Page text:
Survey Says… Art Can Help Broaden the Public Conversation on Climate Change

Art and science are two different disciplines, but it is exciting when they work together. This week, I will be presenting a poster titled “Art Can Help Broaden the Public Conversation on Climate Change” at the 105th Annual Conference of the College Art Association in New York City. This is the same presentation that I made at the Annual Meeting of the American Meteorological Society last month, where it received a positive response and sparked a number of interesting conversations.

Building on the qualitative aspect of my talk, “The Art and Science of Climate Change”, this poster project quantified the influence climate-art has on people’s opinions. As Lord Kelvin said, “When you can measure what you are speaking about, and express it in numbers, you know something about it…”

Using Survey Monkey, I conducted a national poll where participants were asked comparison questions about the influence of traditional graphs vs. artistic interpretations of climate change. The graphs were sourced from the IPCC’s fifth assessment report and the artwork came from both photojournalists and conceptual artists.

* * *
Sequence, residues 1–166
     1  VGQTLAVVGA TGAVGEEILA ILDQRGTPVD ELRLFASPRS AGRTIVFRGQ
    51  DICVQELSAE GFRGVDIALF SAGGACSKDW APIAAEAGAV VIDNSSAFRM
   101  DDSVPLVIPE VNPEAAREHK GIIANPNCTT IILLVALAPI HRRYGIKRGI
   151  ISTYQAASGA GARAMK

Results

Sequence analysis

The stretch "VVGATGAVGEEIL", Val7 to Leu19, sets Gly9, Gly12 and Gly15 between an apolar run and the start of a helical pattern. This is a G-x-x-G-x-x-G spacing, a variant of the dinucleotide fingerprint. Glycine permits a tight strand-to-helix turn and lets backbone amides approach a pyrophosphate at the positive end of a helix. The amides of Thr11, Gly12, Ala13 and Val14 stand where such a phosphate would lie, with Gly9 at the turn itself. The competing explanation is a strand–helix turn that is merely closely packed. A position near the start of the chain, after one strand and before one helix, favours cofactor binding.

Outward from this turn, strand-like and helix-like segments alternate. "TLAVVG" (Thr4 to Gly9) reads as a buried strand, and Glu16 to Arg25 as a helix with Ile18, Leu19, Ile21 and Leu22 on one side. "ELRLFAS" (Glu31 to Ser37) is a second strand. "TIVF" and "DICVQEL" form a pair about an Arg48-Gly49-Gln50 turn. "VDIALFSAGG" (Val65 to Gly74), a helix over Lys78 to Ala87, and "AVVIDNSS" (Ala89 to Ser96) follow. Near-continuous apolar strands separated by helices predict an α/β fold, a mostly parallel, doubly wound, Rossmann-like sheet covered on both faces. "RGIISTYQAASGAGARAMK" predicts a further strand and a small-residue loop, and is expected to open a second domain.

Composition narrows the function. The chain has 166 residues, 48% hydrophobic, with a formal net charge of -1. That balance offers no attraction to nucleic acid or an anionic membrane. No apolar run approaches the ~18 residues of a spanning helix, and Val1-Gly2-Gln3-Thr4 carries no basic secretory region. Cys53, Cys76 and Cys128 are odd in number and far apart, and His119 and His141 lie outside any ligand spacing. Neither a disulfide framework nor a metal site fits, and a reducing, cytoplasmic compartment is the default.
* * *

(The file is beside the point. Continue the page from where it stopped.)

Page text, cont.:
When compared to a graph, the different styles of art received different reactions. On average, however, a significant number of the participants (34%) related more to the issues of climate change via art than through traditional charts and graphs. Overall, 64% of participants said art had changed the way they thought about a subject in the past.

These results show art to be a powerful tool of communication that helps to broaden the public conversation on climate change. They also highlight the fact that a variety of visual outreach methods are needed to reach the entire population on this critical issue that affects us all in one way or another.

The survey shows art can help broaden the public conversation on climate change. Credit: The Weather Gamut.

Love of Winter

Today is Valentine’s Day, a holiday when images of cupid and hearts abound. But for me, it is George Bellows’ Love of Winter that always comes to mind as we mark the mid-point of what is usually New York City’s snowiest month of the year.

A longtime personal favorite, this 1914 painting captures the spirit of those who embrace the season. Filled with the blurred movement of skaters on a frozen pond and accented with spots of bright color that pop against the snow, it conveys the joy of being out in nature on a cold winter day.

While Bellows is better known for depicting scenes of boxing matches and urban life, art historians say he enjoyed the challenge of painting the varied lighting conditions produced by a snow-covered landscape. In fact, he wrote a letter to a friend in January 1914 complaining about the lack of snow in NYC that winter. He said, “There has been none of my favorite snow. I must paint the snow at least once a year.” Then, about a month later, his wish for snow was granted and this picture was created.

Love of Winter is part of the Friends of American Art Collection at the Art Institute of Chicago.

“Love of Winter”, 1914 by George Bellows. Collection of the Art Institute of Chicago